First Base
2005: Travis Lee .272/.331/.426; +4.30 pNRAA; +5.54 pNRAA/GP
2005: Eduardo Perez .255/.368/.497; +2.45 pNRAA; +1.89 pNRAA/GP

2006: Travis Lee .265/.329/.420; +0.57 pNRAA; +0.53 pNRAA/GP

First base also has a return player in Travis Lee, although he will not have the assistance of Eduardo Perez this year, who moved on to Cleveland. Lee is a player who confuses me as an analyst. Thanks to his glove, he is a league average player. His bat is certainly not adequate enough for a first basemen, but he is well above average defensively. He is a player who only really hurts your roster if you are capable of finding a suitable replacement at a lower cost or with higher value. The Rays are in a situation where someone like Aubrey Huff or Jonny Gomes should be moving over to first base from the outfield to allow some of the younger players to develop (not that Gomes isn't young, but his fielding isn't exactly helping the already struggling pitching staff in the outfield). Lee is not really an attractive option to other teams unless he has an uncharacteristically good first half of the year, and something tells me the Rays might hold on to him if such a scenario developed.

Second Base
2005: Jorge Cantu .286/.311/.497; -3.01 pNRAA; -4.52 pNRAA/GP
2005: Nick Green .239/.329/.346; -12.52 pNRAA; -13.90 pNRAA/GP

2006: Jorge Cantu .272/.306/.464; +3.25 pNRAA; +4.65 pNRAA/GP

I know Jorge Cantu had a negative pNRAA in 2005, but I was happy with his season. His projected pNRAA for 2006 looks promising as well. If he could just add a sprinkle of plate discipline to his offensive game, he would be even more of a weapon for the D-Rays. Robinson Cano gets more press, but I'll take Cantu over him.

Third Base
2005: Alex Gonzalez .269/.323/.410; -14.19 pNRAA; -15.47 pNRAA/GP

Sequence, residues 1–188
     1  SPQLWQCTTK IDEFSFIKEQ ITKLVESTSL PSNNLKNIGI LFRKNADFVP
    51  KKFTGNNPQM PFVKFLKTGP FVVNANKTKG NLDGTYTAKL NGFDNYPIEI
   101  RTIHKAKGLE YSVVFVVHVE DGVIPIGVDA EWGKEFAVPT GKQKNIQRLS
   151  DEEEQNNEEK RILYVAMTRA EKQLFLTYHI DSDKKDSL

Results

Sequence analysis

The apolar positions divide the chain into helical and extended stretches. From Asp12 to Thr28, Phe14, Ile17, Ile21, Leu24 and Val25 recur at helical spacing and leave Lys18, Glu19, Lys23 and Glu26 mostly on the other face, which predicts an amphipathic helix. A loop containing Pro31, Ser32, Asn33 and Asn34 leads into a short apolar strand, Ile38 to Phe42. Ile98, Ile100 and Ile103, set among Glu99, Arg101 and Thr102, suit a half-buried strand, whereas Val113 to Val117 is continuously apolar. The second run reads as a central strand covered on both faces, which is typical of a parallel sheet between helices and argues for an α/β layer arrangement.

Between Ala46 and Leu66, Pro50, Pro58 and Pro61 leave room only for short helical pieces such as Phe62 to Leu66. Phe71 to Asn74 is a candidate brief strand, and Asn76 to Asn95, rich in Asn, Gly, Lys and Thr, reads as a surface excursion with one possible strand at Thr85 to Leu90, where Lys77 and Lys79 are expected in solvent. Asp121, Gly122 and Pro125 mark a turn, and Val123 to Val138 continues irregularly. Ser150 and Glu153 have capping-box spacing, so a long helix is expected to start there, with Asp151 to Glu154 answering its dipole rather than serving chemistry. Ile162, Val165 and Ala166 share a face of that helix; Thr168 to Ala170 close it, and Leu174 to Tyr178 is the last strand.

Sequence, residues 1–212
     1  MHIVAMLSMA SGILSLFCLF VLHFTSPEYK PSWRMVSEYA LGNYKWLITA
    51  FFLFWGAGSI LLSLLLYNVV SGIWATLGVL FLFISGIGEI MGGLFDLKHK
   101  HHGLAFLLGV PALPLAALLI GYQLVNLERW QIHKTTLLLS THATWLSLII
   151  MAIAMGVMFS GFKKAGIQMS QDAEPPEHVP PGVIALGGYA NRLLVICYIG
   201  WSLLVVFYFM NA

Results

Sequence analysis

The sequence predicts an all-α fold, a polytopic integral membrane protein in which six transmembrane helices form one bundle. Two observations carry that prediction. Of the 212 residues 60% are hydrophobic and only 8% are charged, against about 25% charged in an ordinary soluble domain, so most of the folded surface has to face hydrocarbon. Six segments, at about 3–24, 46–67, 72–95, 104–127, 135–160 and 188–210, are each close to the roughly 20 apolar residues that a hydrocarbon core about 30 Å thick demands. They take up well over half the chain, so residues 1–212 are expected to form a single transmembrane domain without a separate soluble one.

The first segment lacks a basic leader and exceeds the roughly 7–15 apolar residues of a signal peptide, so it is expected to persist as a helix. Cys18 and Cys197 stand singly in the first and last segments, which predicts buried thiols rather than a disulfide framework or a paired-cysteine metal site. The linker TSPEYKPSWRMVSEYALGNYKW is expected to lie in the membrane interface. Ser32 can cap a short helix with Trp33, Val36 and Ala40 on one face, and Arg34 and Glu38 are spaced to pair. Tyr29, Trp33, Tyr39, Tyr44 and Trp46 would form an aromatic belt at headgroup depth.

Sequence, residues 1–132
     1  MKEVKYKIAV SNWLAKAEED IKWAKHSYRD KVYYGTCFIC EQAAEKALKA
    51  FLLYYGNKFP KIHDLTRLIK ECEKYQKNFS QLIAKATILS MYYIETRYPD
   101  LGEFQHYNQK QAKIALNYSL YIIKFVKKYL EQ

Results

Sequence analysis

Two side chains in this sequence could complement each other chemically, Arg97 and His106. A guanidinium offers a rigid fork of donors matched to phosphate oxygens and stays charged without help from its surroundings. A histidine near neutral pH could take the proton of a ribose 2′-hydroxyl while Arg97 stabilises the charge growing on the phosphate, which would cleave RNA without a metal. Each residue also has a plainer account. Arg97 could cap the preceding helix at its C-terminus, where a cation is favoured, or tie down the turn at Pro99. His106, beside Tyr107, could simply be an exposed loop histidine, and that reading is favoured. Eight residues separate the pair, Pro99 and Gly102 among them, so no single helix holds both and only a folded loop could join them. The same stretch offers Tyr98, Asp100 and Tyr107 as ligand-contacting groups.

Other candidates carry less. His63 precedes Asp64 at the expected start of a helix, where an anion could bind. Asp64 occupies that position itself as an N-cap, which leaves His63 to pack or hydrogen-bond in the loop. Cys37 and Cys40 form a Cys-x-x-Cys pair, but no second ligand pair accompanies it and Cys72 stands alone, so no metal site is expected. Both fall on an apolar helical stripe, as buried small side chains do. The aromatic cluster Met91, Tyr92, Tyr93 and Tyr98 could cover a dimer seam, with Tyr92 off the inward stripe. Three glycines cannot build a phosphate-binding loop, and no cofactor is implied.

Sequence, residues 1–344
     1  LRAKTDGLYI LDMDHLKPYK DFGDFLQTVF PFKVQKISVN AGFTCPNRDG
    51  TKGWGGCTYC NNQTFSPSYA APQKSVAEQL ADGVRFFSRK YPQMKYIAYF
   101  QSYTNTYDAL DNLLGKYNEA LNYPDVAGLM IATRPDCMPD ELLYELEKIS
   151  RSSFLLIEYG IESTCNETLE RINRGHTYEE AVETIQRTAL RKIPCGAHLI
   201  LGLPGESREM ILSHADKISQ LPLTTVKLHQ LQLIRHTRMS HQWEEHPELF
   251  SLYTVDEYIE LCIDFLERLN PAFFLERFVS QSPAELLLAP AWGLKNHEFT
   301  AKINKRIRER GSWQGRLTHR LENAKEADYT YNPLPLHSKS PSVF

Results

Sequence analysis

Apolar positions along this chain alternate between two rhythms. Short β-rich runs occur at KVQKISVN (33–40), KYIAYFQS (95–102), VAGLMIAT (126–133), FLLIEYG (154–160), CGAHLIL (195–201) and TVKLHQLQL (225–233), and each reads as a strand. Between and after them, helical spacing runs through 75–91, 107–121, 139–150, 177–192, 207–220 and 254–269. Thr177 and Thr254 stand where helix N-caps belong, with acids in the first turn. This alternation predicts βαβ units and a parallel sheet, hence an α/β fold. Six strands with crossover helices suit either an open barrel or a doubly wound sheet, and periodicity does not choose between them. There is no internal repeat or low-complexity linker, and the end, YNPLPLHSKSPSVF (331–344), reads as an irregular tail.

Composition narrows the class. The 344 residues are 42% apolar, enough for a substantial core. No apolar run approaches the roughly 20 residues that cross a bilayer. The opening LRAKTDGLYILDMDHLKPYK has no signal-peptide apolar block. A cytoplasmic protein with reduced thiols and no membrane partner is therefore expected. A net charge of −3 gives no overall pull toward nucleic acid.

2005: Jorge Cantu .286/.311/.497; -3.01 pNRAA; -4.52 pNRAA/GP
2005: Nick Green .239/.329/.346; -12.52 pNRAA; -13.90 pNRAA/GP

2006: Sean Burroughs .267/.320/.356; -3.83 pNRAA; -3.56 pNRAA/GP
2006: Russ Branyan +4.42 pNRAA; +1.86 pNRAA/GP
2006: Ty Wigginton +0.05 pNRAA; +0.05 pNRAA/GP

Cantu and Green split most of their seasons between second and third base, so I wanted to repost their statistics here as well. Alex Gonzalez was responsible for the majority of the damage though. The good news about Gonzalez at third base in 2005? B.J. Upton was not forced to move there. That would have been a mistake I think.

As far as 2006 is concerned, I think we know who I am rooting for to win the job. The thing with Russ Branyan is that he needs a platoon partner to face southpaws.

  • Branyan 2003-2005
  • Versus Righties: .249/.366/.518 442 AB
  • Versus Lefties: .181/.233/.319 94 AB
  • Wigginton 2003-2005
  • Versus Righties: .256/.314/.409 886 AB
  • Versus Lefties: .262/.338/.449 336 AB
  • Burroughs 2003-2005
  • Versus Righties: .295/.356/.377 990 AB
  • Versus Lefties: .249/.305/.332 334 AB

Ty Wigginton might be up for the task, but there should be a better option in the organization. Maybe Nick Green (.318/.383/.441, 179 AB against lefties) is the answer. That would allow the team to lose Wigginton and Burroughs, clearing up roster space for other necessities. It is certainly a thought, rather than carrying four potential third basemen on the roster. I know a certain someone who agrees with me.

Jacob Larsen from DRays Bay has told me that Rays manager Joe Maddon wants Aubrey Huff to play third base this year. I would prefer him at first, but you know that already.

2005: Julio Lugo .295/.362/.403; +12.33 pNRAA; +19.49 pNRAA/GP

2006: Julio Lugo .277/.343/.389; +10.76 pNRAA; +15.50 pNRAA/GP

Julio Lugo is a valuable trading chip for the Rays, but he should not be moved until B.J. Upton is ready to take over at shortstop. He is one of the top shortstops in the league, which may speak more for the relative lack of quality shortstops around than for Lugo's prowess, although he is a fine ballplayer in his own right.

Left Field
2005: Carl Crawford .301/.331/.469; +0.92 pNRAA; +1.43 pNRAA/GP

2006: Carl Crawford .290/.324/.433; +4.71 pNRAA; +7.39 pNRAA/GP

Carl Crawford's EqA improved for the third straight year in 2005. Check out this neat table:

  • Crawford EqA By Year
  • 2002: .231
  • 2003: .245
  • 2004: .270
  • 2005: .281